No wonder , some of the “noblest” officials of our society were emboldened to , assemble, In their gorgeous silks (and fanned by their huge umbrellas) and to deliver, in public, a controversial decision that would, in all certainty, divide one part of a large and wealthy state against the other. The victors in the court case suitably rejoiced, while the defeated slunk away in groups to plot their reaction. The police looked on, and decided to give the victors a rap on the knuckles, with a ludicrous bail followed by an even more laughable “fine.”

As social restriction measures were reduced to the wearing of all sorts of funny masks, mischievous Ghanaians took matters to their logical conclusion: so long as one wore a mask, one could go to a birthday party and smooch with a masked member of the opposite sex. Workers mixed it up, carrying and unloading

the instruments of their trade as if no guidelines had ever been issued. Why worry? Ghana was blessed. America could burn. Ghana would be saved.

Brothers and sisters, we deceive ourselves. COVID-19 is lurking out there, sharpening its teeth. If we do not stop our nonchalant attitude towards the measures recommended to us initially by our Government, we are fully in COVID's gunsights. We won't know what hit us."If you don't know death, look at sleep!" says one of our proverbs. We have been given a slap in the face by the ability of a single indiovidual to infedct five hundred and therty-three workmates with COVID-19, at a fish processing factory in Tema, whose name the authorities are deliberating concealing from us, for reasons best known to themselves. Ei, can Ghanaians be so fool-hardy?

The president of the Ghana Medical Association has issued us a sharp warning. He said the people who installed a chief should be arrested so that others might learn the lesson that they were endangering public life by engaging in a display that went against all the tenets of good sense.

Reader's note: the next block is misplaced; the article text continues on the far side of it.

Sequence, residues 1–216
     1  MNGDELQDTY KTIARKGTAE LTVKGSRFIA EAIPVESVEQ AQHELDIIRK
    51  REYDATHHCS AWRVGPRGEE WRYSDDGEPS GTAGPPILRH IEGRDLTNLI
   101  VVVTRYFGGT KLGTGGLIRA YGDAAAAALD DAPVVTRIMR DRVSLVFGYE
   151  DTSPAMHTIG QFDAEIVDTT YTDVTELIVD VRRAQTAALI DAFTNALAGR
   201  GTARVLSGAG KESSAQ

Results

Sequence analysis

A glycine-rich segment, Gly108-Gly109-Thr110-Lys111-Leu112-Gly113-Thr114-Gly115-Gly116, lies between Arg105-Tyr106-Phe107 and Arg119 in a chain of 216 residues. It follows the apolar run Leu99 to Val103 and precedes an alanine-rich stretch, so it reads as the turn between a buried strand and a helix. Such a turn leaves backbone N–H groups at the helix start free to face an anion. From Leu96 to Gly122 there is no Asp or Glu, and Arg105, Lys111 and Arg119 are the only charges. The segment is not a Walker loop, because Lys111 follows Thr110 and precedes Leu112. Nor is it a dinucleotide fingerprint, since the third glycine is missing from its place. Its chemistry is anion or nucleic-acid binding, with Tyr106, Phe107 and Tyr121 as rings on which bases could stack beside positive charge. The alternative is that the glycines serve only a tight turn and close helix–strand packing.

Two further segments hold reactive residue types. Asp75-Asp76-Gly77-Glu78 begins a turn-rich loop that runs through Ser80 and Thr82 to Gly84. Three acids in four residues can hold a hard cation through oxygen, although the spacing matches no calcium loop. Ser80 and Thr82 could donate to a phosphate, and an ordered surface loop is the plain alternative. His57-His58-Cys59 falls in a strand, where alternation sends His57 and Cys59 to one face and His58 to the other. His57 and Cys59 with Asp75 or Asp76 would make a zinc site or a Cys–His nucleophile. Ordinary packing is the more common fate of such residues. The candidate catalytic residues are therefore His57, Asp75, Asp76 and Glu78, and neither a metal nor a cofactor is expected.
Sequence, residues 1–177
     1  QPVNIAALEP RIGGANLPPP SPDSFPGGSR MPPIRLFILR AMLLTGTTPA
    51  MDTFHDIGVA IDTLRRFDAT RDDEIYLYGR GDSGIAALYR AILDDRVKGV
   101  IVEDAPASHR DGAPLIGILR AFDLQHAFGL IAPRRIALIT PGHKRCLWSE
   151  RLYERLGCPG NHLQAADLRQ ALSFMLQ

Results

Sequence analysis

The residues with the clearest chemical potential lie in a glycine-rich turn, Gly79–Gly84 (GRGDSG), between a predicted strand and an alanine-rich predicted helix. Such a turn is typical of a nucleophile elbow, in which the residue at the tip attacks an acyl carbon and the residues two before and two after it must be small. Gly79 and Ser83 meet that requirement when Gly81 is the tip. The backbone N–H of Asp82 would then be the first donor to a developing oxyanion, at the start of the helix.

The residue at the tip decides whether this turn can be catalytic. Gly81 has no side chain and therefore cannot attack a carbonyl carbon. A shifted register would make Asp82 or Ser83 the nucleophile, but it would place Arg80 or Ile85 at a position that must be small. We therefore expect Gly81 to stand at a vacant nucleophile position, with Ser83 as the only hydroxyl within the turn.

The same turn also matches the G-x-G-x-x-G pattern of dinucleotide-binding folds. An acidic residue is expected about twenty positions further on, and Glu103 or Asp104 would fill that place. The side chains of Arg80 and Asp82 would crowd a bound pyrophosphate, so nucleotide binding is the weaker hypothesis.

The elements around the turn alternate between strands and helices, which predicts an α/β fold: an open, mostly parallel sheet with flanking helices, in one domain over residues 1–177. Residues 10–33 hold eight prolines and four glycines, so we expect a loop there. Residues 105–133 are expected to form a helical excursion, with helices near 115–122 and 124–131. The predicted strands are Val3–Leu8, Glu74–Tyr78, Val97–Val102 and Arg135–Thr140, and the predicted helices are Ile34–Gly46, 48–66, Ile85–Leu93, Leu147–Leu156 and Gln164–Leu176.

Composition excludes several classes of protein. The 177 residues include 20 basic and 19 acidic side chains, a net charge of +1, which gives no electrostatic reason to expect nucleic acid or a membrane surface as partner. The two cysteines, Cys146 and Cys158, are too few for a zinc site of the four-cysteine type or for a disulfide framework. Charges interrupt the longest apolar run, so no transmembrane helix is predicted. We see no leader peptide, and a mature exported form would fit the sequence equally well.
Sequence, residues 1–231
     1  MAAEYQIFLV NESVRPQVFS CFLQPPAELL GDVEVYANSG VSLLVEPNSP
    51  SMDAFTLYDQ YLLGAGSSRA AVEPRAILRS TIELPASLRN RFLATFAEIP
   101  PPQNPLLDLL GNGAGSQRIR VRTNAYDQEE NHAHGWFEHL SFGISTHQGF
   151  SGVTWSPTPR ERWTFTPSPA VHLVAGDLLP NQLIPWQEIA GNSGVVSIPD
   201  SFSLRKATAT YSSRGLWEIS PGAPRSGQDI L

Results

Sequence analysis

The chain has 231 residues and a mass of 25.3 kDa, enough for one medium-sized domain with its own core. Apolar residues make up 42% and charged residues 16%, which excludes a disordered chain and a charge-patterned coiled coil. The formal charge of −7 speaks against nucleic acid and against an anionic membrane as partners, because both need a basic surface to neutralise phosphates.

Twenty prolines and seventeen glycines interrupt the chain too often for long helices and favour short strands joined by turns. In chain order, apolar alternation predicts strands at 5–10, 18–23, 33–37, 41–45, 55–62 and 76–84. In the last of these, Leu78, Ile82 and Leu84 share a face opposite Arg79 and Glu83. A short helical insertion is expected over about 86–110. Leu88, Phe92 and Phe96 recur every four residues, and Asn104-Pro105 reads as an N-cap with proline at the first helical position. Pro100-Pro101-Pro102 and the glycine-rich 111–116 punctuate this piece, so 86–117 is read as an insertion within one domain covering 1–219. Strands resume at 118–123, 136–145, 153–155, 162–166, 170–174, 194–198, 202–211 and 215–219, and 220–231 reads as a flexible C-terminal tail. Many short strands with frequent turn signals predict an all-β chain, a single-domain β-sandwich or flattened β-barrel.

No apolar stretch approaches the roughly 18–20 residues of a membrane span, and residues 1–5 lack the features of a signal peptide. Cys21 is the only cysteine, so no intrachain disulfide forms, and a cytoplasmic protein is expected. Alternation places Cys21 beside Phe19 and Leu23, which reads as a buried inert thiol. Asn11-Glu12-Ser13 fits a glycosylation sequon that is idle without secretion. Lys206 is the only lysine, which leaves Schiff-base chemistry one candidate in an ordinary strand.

The Medical Association has followed that warning by suggesting that perhaps the full lock-down may have to be reintroduced.

Figures are being bandied about to indicate whether the infection rate has peaked or not; whether we are on the road to recovery or entering the descent into hell. No-one can give a definitive interpretation of the figures, of course.

What are we playing at? Is this the same Ghana that was being touted as being so sensible that it would be the “South Korea” of Africa?

In fact, unlike us, the South Koreans have not let go of their common sense. Despite their excellent figures, they haven't relaxed their contact-tracing efforts and have recently managed to corner an individual who visited a series of night-clubs, spreading the infection.If such an individual was let loose in Ghana, would we ever know whether he visited “Kalamazoo Shake Your Head” because he'd read a 1950s entertainment guide to Accra, before he secretly made his way to our capital?

The pressure group, OCCUPY-GHANA, has also been awakened from its recent slumber by our invitation to COVID-19 to make another beeline for our shores.

I've said it.
But whether you'll listen to it is, of course, entirely up to you!

Cameron Duodu
Cameron Duodu, © 2020

Martin Cameron Duodu is a United Kingdom-based Ghanaian novelist, journalist, editor and broadcaster. After publishing a novel, The Gab Boys, in 1967, Duodu went on to a career as a journalist and editorialist.Column: CameronDuodu